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Early Greek History and Indo-Europeans

by: Samantha Work

Early Greek History and Indo-Europeans CLAS 160D2 - 002

Marketplace > University of Arizona > Classical Mythology > CLAS 160D2 - 002 > Early Greek History and Indo Europeans
Samantha Work

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About this Document

Notes from class on January 22, 2016 by professor Teske at 2pm
Classical Mythology Lecture
Michael Teske
Class Notes
Teske, Classical Mythology, Early Greek
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This 5 page Class Notes was uploaded by Samantha Work on Wednesday January 27, 2016. The Class Notes belongs to CLAS 160D2 - 002 at University of Arizona taught by Michael Teske in Winter 2016. Since its upload, it has received 35 views. For similar materials see Classical Mythology Lecture in Classical Mythology at University of Arizona.

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Date Created: 01/27/16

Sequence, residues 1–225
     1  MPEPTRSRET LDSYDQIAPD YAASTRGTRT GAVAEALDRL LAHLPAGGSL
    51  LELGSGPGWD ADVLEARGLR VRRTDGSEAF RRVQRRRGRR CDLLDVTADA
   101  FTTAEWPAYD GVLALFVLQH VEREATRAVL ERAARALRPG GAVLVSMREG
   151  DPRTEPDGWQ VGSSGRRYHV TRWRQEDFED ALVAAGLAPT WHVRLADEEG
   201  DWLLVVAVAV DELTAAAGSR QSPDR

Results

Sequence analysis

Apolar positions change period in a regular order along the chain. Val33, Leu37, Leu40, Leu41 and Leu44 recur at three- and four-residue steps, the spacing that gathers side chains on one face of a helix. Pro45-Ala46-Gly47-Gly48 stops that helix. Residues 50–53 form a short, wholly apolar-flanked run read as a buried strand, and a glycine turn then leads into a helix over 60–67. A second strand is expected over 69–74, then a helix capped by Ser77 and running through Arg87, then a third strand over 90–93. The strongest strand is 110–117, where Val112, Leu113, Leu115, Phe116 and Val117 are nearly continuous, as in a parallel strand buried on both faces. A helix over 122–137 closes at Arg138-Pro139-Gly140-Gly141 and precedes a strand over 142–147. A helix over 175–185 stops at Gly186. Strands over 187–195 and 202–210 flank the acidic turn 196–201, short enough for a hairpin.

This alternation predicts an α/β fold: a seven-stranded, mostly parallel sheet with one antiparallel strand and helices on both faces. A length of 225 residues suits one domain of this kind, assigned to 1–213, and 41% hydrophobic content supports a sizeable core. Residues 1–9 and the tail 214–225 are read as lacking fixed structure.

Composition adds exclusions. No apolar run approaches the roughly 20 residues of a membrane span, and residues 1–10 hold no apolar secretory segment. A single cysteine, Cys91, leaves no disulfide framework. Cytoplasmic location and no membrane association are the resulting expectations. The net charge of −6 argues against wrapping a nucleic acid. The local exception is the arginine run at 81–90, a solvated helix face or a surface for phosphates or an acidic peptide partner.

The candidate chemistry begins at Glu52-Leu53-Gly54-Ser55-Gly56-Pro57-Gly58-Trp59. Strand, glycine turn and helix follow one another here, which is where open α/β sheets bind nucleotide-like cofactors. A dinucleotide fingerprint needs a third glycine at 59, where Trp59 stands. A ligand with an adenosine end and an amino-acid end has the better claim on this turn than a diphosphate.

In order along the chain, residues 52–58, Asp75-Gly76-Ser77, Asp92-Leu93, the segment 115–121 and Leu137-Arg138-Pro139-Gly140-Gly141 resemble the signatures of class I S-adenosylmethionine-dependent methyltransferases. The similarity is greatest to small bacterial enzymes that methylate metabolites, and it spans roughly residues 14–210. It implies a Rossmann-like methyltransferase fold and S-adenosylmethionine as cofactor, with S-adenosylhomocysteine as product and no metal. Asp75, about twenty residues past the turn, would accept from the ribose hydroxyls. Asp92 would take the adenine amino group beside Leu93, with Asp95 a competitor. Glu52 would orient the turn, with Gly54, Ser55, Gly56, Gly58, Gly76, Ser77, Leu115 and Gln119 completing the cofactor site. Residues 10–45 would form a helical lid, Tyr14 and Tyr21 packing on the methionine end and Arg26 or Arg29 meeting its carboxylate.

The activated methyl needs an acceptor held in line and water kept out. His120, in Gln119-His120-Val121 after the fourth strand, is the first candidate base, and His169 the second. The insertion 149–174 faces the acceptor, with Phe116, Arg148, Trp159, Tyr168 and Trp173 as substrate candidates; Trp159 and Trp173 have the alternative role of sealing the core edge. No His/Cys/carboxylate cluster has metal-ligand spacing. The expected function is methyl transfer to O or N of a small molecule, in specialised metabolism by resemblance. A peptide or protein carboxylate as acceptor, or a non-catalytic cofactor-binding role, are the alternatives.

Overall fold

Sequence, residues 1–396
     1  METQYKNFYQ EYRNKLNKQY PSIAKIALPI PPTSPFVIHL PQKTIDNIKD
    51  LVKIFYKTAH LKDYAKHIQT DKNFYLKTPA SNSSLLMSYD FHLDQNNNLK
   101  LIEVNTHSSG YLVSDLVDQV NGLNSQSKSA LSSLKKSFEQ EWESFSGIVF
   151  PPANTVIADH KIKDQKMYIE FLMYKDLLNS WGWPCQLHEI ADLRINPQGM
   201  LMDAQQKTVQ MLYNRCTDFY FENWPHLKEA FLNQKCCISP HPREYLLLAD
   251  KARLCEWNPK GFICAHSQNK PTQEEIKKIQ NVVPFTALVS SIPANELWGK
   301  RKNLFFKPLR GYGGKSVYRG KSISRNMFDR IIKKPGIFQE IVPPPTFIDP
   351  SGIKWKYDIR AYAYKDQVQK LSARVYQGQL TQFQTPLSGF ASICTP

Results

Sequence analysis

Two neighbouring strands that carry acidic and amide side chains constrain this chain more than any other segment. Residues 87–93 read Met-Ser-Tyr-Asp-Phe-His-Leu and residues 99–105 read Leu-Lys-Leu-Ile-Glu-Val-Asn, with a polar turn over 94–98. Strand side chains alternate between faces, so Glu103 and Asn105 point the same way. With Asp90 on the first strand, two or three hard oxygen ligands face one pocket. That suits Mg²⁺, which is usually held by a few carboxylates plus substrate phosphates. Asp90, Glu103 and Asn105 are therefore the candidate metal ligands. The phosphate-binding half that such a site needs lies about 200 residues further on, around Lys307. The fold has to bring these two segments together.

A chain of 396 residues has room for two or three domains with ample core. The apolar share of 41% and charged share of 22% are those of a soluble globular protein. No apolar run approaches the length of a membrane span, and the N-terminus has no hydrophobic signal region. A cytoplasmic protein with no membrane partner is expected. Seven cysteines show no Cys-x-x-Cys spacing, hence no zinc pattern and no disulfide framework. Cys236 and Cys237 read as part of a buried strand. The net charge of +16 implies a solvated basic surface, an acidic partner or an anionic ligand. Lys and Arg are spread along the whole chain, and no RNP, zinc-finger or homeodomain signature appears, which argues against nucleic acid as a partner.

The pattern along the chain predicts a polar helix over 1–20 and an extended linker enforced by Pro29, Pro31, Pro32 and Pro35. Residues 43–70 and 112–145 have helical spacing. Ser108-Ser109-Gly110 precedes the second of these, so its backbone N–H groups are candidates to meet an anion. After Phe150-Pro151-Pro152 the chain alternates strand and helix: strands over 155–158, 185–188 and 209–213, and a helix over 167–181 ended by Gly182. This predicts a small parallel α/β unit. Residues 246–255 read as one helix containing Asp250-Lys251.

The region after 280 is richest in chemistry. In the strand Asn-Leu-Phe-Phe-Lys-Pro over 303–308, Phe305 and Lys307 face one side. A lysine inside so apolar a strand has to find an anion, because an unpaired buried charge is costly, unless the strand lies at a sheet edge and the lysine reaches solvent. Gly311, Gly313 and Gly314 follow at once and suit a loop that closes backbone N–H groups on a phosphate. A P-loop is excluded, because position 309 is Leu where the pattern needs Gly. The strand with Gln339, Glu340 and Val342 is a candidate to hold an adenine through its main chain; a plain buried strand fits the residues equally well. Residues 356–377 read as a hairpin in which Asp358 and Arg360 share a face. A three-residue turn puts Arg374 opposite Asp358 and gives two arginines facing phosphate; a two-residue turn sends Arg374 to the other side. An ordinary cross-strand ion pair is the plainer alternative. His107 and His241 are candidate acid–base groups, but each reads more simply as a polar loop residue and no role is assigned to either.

Classical Mythology: Early Greek  History and the Indo­Europeans Migration of Indo­Europeans ● The Indo-Europeans were an aggressive, war-like mother race which began to migrate as early as 5,000 B.C. o Perhaps from steppes of western Russia o With domestication of horses ● They spread all the way west to the Iberian peninsula to the east even into the subcontinent of India o I.e. modern day Spain ● Almost all the European cultures from Spain to India are derived from the Indo-Europeans Both the Ancient Greeks and Romans are Branches of the Indo­ Europeans ● The Greeks, in about 1900 B.C., cascaded down from the North bringing their sky-god Zeus and other divinities with them. ● These Greeks quickly conquered, submerged, and assimilated the existing inhabitants, and established citadel complexes. o Hellenes as they called themselves Power Triad of Argos, Mycenae, and Tiryns ● The Greeks built huge citadels, some with massive defensive walls such as the Cyclopean fortifications as Mycenae o With the stones supposedly set in place by the one-eyes giants, the Cyclopes ▪ Greek plural ▪ ● These mainland Greeks created navies and merchant fleets and fanned out in the Mediterranean, soon coming in contact with the Minoans on Crete o Minoans=Cretans Cnossos on Crete and King Minos’ Palace ● Minos’ palace at Cnossos has no large fortifications o Unlike Mycenae ▪ Perhaps because of the natural protection of the island’s isolation and an extensive navy ● The Minoans, when encountered by the Greeks already had a well-established civilization o Working in bronze, bull worship, veneration of a snake-goddess, etc. Evidence of the Coalescing of Minoan and Greek Culture ● Linear B clay tablets initially found at Cnossos in Crete and at Pylos in southwestern part of Peloponnesus o Ca 1450 B.C. o The southern peninsula of Greece ● In 1952, Michael Ventris, and amateur linguist and a cryptographer, deciphered Linear B o Aided in part by Sir John Chadwick, and academic Nature of Linear B ● Linear B is a Cretan syllabary representing Greek sounds o Thereby showing the melding of Minoan and Greek culture ▪ Tablets dated from at least 1450 B.C. on Crete, and many from 1400 B.C. onward in Greece ● What is contained in the Linear B tablets? o Dry administrative records, but also the first list of the Greek gods and some offerings given to them o But no myths Destruction of Minoan Power ● In about 1450 B.C. a large volcanic eruption on the island of Thera generated huge tsunamis which buffeted and devastated the northern coast of Crete ○ 72 miles to north of Crete ● Then presumably an invasion force destroyed Minoan power ○ of the Greeks, or others ○ some have even argued for a couple major cataclysms with one as early as 1620 B.C. ● After cs. 140 B.C., Minoans no longer are a force in Mediterranean ○ Minotaur myths, etc. must predate this eclipse of Minoan power Archeological Evidence of Trojan War (ca. 1200 B.C.) ● Excavations at Troy ○ 9 levels of settlement identified ■ 1st level about 2900 B.C. ■ 2nd level about 2450 B.C. ● 1st 5 levels all predate 1700 B.C. ■ level 6 about 1250 B.C. ■ level 7a perhaps king Priam’s Troy from ca. 1200 B.C. ● Heinrich Schliemann excavated at Troy in 1870’s ○ amateur German archeologist ○ i.e. hill of Hisarlik in Turkey Subsequent Excavation at Troy ● Dorpfeld continued the dig in the 1880’s ○ Schliemann’s architect friend ● Carl Belgen of the University of Cincinnati excavated at Troy in the 1930’s ● Korfmann from a German university, and C. Brian Rose of University of Cincinnati have continued the excavations from 1980’s to the present Schliemann also excavated Mycenae ● He found the citadel complex, and large tholos tombs, huge “bee-hive shaped” tombs cut into the mountainside ○ He thought he had found the treasury of Atreus (Agamemnon’s father) and the tomb of Clytemnestra (Ag.s Wife) ● He also discovered a series of shaft graves closer to the central part of the citadel ○ in them he found beautiful funerary masks of beaten gold, jewelry and weaponry ■ these date to ca. 1600 B.C. Wealth and Power of Troy and Mycenae in 2nd Millennium B.C. ● Schliemann had helped to establish that both Troy and Mycenae seemed to have significant resources in ca. 1200 B.C., and could have been involved in a protracted war ● Troy’s strategic position at the entrance to the Hellespont suggests that the Trojan War could have been a conflict fought over trade routes and access to the Black Sea ○ though the mythic explanation was that queen Helen of Sparta was abducted by the Trojan prince Paris Hope this helps! - Sam


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